Categories
Illini Basketball

The Slippery Spot

Now that the medical report is in, some of you are surely wondering why Ayo hit the deck, rather than the game-winning shot.

Did he, for example, slip on a wet patch? Was there, for example, some dripped perspiration left after a timeout huddle?

And why do teams huddle on the court anyway?

If you hadn’t known but always wondered, yes; the NCAA has a rule about timeout huddles. And that’s the reason teams meet on the court, rather than remaining on the bench.

Art. 2. During any timeout or before any extra period, bench personnel and players shall locate themselves inside an imaginary rectangle formed by the boundaries of the sideline (including the bench), end line and an imaginary line extended from the free-throw lane line nearest the bench area meeting an imaginary line extended from the 28-foot line.

2019-20 NCAA Men’s Basketball Rules and Interpretations, Rule 4, Section 3, Article 2

Somebody probably thought it was a good idea. Perhaps a better idea is to give teams a choice. Huddle on the bench or on the court, whichever works best for you.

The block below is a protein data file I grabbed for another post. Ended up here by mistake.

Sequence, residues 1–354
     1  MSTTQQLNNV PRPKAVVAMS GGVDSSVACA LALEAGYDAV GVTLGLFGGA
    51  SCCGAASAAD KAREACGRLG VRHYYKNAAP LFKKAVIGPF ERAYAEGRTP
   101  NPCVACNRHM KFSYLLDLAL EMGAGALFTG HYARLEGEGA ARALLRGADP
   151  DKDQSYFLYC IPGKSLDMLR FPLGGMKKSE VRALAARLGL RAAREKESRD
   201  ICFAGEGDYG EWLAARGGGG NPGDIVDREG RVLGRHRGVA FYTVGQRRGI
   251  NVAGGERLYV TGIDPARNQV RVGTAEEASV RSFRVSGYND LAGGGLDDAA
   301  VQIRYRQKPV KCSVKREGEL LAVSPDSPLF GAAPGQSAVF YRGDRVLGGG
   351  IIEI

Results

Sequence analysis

One can imagine that visiting teams might want to get away from heckling student sections. That would be true at Iowa and Michigan, where the Hawk’s Nest and Maize Rage are three feet from the visitor’s bench.

But at Purdue and Indiana, the team’s bench is surrounded by friendly boosters and parents. It varies from place to place.

Moreover, teams figure out how to harass their guests within any rules paradigm. At Iowa, for example, a mid-timeout contest features fans lobbing half-court shots at the visitors goal. A few ball-hawkers are assigned to prevent long rebounds from striking the backs of visitors heads. Perhaps not enough.

But maybe Ayo’s near-tragic landing wasn’t a matter of moisture. As I’ve written here before, Ayo falls a lot. He frequently lands hard.

I’ve often winced when he lands on a hip, or his coccyx. I feel less fearful when he lands on me, because I’m relatively soft.

Part of my concern stems from Ayo’s slight build. If you’ve only seen him on TV, you might not perceive his slenderness. It’s part of what makes him so quick. He’s built like a greyhound.

Maybe his bones and joints are just as sturdy as bigger bones and joints. They’re certainly smaller.

’til Tuesday, he’d seemed to dodge that bullet. But the ground finally caught up with him.

Don’t expect any updates on his physical condition today or tomorrow. Rutgers is undefeated at home. There’s no reason to help with their scouting report.

Categories
Illini basketball

How Tracy Abrams’s injury helps Illini basketball